While the urge to apologize is almost overwhelming, I will post this Life in the Real Desert sans soppy sorries and jump straight in. Death, I have learned, is a red car. A Volkswagen Beetle, current model and the driver is a middle aged woman of Mexican lineage, or possible Native American, and the portly lady wears glasses that are coke bottle thick. Were it not for sheer luck and the later warnings of two lorry drivers on break, my life would have ended a three weeks ago.
On my daily pilgrimage back from the local town, I was on the long straight stretch of road that runs between a pest control warehouse and the “Super 8” hotel. Both sides of the road are covered in aggregate, sand and rock. In the evening, around 6 or 7 o’clock, there are not many drivers out and about and it is usually this spot where I stop for my first gulp of water and where, if it is hot enough, I take off my shirt for the remainder of the ride home.
The night that I met death, and defeated it, it was not too hot, but it was uncomfortable enough to warrant removing my vest, aka T-Shirt. Coasting on the edge of the paved road, I pulled off onto the aggregate just as a red Beetle passed through the space on the road that a scant second previously I, and my trusty Schwinn, had occupied.
Practically falling off the bike, I stared at the vehicle, which was moving so slowly that I could have caught up to the driver by walking quickly. As I watched, the car crept forward and swung out to the right as it began a long leisurely about-face in the road ahead. When the car was facing my way again, it pulled over onto the aggregate shoulder and sat idling.
The driver, as mentioned above, was a heavy set female, black hair with grey shot-through and thick glasses. The lenses distorted her eyes, making them look insectile and huge. I froze and waited to see if I could be quick enough to get out of this mad woman’s way when she headed back to town. After a moment she took off, hugging the shoulder on her side of the road.
I stood watching the spotless red Volkswagen move slowly towards the truck stop and the entrance to the highway. When she drove out of sight, I turned and shakily got back on my bike. The thoughts running through my head had to do with luck and timing saving the day. I was so rattled that the T-Shirt stayed on and I continued on toward the hotel.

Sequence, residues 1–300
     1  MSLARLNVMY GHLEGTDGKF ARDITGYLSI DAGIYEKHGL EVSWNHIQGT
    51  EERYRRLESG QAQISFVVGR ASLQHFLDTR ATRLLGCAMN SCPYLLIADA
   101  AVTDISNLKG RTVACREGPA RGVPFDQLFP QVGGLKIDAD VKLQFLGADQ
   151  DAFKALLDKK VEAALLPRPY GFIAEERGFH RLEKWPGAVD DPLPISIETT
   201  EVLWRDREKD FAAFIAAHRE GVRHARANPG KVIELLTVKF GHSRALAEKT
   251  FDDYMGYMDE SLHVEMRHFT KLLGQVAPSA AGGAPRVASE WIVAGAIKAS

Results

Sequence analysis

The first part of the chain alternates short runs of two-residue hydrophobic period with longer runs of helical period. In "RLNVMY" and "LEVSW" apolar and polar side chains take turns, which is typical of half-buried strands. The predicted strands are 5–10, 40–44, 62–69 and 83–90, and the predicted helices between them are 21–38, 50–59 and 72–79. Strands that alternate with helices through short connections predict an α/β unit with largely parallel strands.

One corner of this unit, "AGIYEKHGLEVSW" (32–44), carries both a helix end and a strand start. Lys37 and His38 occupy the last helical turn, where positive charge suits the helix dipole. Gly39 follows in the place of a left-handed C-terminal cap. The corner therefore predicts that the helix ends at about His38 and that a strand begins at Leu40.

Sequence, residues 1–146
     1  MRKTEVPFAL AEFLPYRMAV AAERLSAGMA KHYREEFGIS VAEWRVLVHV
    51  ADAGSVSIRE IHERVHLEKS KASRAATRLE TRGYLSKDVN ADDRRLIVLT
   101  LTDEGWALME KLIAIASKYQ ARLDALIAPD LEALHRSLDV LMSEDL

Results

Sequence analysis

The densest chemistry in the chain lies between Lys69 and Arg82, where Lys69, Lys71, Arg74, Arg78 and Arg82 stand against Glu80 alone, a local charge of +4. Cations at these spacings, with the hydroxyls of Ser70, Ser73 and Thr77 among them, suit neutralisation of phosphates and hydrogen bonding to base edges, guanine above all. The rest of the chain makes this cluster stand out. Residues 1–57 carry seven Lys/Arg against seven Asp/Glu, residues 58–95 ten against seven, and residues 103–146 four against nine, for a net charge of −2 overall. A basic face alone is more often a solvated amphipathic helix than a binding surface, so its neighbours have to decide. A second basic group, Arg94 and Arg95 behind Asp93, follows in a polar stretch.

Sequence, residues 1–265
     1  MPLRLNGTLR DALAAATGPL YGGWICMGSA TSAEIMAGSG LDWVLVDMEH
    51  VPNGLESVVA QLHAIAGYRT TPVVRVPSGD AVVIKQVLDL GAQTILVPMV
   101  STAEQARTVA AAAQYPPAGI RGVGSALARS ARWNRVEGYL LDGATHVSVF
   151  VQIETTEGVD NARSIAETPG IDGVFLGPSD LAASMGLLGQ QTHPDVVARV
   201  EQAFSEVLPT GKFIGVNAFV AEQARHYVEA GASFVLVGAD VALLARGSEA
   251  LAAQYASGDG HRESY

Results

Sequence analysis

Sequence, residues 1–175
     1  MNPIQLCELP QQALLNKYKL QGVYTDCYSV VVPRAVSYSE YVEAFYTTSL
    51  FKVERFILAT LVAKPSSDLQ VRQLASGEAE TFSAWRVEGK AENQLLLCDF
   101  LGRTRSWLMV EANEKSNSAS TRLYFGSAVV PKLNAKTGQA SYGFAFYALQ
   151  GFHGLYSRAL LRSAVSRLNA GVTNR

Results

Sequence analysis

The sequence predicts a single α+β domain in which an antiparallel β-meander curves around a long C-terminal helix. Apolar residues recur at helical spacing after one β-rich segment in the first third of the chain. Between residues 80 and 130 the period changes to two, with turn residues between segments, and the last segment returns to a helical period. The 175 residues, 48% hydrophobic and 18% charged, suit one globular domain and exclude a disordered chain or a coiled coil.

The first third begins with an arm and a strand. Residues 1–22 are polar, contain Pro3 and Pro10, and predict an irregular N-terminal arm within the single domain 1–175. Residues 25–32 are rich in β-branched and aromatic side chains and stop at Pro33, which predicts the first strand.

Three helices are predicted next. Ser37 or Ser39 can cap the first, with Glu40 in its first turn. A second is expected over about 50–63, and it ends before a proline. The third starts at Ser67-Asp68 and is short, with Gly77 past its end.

Two men, lorry drivers, stood outside the back of the building next to the road. They were drinking either Red Bull or some local equivalent. As I approached the two chaps they turned toward me staring. I checked to make sure I had my pepper spray handy, as a precautionary measure since it was getting dark, and one leaned toward me.
“You want to move man, she’s not looking,” he said. His companion repeated the warning, “Yeah, get off the road man, she is not looking at all.” The alarm in his voice got me onto the aggregate once again and just as before, the red Volkswagen Beetle passed the space that I had just vacated by nano seconds.
One of the drivers muttered something about the driver and I said, “That’s the second time she almost got me.” I never stopped the bike and kept pedaling, attempting to put as much distance between me and death as possible. Around 10 minutes later, I heard a car coming up behind me. With my heart in my throat I zoomed off the road and onto the shoulder.
It was not the red death car but a truck. While this driver did not give up too much space on the road, he did not get close enough to run me down either.
Later, as I sat sweating in the night heat, I reflected on the way the woman had driven and then sat looking at me with those huge eyes magnified by glasses so thick that they did not look real.
I got the shakes. The way you do when surviving a close call and having the gravity of situation hit all at once.
In my mind I could see myself not leaving the road the first time. The bug-eyed woman would have driven slowly over me and my own red vehicle. I would be knocked down and under those Beetle wheels, which would roll over my bones crushing them as I screamed in agony. This vision was so real and disturbing that for the next two weeks, if I heard a car coming up behind me on the road, I would scramble off and on the shoulder, heart racing and blood rushing to my head.
Finally, I have calmed down enough that I do not see that heavy woman and her red instrument of death sitting on the side of the road and looking myopically in my direction, in my mind’s eye. I have racked my brain wondering who I may have upset enough to try to run me down, in slow motion, not once but twice, turning around and having another go but missing each time.
Who ever it was has left me with a phobia about red Volkswagens, not to mention one’s driven by visually challenged heavy set Latino women who do not go faster than a crawl. All the better to drive quietly and sneak up behind someone to run them down.